This post is part of the Epilepsy Blog Relay™ which will run from June 1 through June 30. Follow along and add comments to posts that inspire you!
I told my husband, Adam, that I was going to write about epilepsy and everyday life. He laughed and asked me, “Do you know what everyday life is?” I laughed back. It might seem harsh, but it’s true. I guess I don’t really know what everyday life is. Everyday is different. There are days of consciousness, days of unconsciousness, and days of semi-consciousness. There are good days, bad days, seizure days, recovery days, manic days, depressive days, even some regular, old, I-feel-like-a-normal-person days. Everyday is a surprise when you live with seizures. Some days you stay conscious all day long. Some days not so much.
It’s shocking what ten short seconds can do to you. I blipped in and out of consciousness and found myself on the floor. I was not bleeding because my husband helped me lay down instead of falling face-first like seizures are prone to do. (Get it?!! Prone!) Now I’m tired and weepy. I thought things were going so well.
I went four whole months of consciousness and normal sleep patterns. Now I am back to square one. Square negative one. My brain had an electrical storm and now I will be soft and squishy for days. Sleep will descend like a meteor. My windows are shattered from the impact.
I don’t want to admit how quickly doing so much better can go to smashed face into the corner of the sink and bleeding broken on the floor. Fours month wasn’t forever, but I was starting to think it was. Maybe I could go six months without seizure. I would make a sign and take a selfie like all my Epi Friends online. Ten seconds later and all that shit has been destroyed. At least my husband was in the bathroom with me. This time I woke up on the floor confused and tired, but unharmed. There is always that at least. My tongue doesn’t even hurt. I didn’t wake up in the hospital naked.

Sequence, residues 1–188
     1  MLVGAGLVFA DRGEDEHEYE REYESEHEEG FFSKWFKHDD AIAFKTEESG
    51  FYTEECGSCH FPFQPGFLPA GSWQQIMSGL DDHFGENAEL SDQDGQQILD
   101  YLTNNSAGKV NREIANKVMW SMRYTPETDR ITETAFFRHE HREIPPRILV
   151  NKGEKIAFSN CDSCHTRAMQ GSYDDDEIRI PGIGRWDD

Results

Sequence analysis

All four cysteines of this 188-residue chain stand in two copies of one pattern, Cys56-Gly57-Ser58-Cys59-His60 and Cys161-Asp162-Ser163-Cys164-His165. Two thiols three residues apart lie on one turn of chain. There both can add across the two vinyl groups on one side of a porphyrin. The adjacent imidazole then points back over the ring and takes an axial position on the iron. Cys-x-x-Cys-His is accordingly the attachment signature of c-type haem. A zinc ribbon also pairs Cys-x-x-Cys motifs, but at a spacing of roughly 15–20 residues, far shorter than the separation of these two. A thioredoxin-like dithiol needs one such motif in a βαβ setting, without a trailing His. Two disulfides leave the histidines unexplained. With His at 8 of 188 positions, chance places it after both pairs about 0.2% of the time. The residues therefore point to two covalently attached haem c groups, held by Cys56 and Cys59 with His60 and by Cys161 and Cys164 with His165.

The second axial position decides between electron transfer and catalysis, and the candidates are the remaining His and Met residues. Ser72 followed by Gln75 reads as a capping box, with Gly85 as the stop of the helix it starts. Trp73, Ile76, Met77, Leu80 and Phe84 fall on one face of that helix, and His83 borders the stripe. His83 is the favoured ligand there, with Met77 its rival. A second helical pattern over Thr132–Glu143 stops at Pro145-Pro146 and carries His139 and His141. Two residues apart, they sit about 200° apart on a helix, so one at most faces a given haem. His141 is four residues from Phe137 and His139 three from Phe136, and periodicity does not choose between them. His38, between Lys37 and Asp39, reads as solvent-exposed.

Bathrooms are extra deadly for epileptics. All that porcelain and water. I read about people who have died in the bathtub all the time. All the time. I didn’t fall out of the shower, I just stepped out of the shower and started to fall to the ground. That’s what my husband tells me. I needed him to tell me. I don’t know what happened. I came to full consciousness in bed, with him telling me he was staying home from work. Because I had a seizure. That’s always news to me. You don’t know what you don’t know.
This was what I would term “a small seizure” I was only unconscious for a short time, not hours. I feel unable to do anything, to attend to anything. I hope I will remember to brush my teeth. My children will not be fed by my hand today. My husband has to do it all. I’m just trying not to fall over. I wore my shirt inside out. I discovered it hours into the afternoon. Just another day of everyday life with epilepsy.
The floor always wins. Today it was a soft landing at least.
NEXT UP: Be sure to check out the next post tomorrow by Abby Gustus Alford at livingwellwithepilepsy.com for more on Epilepsy Awareness. For the full schedule of bloggers visit livingwellwithepilepsy.com. And don’t miss your chance to connect with bloggers on the #LivingWellChat June 30, 2017 at 7pm EST.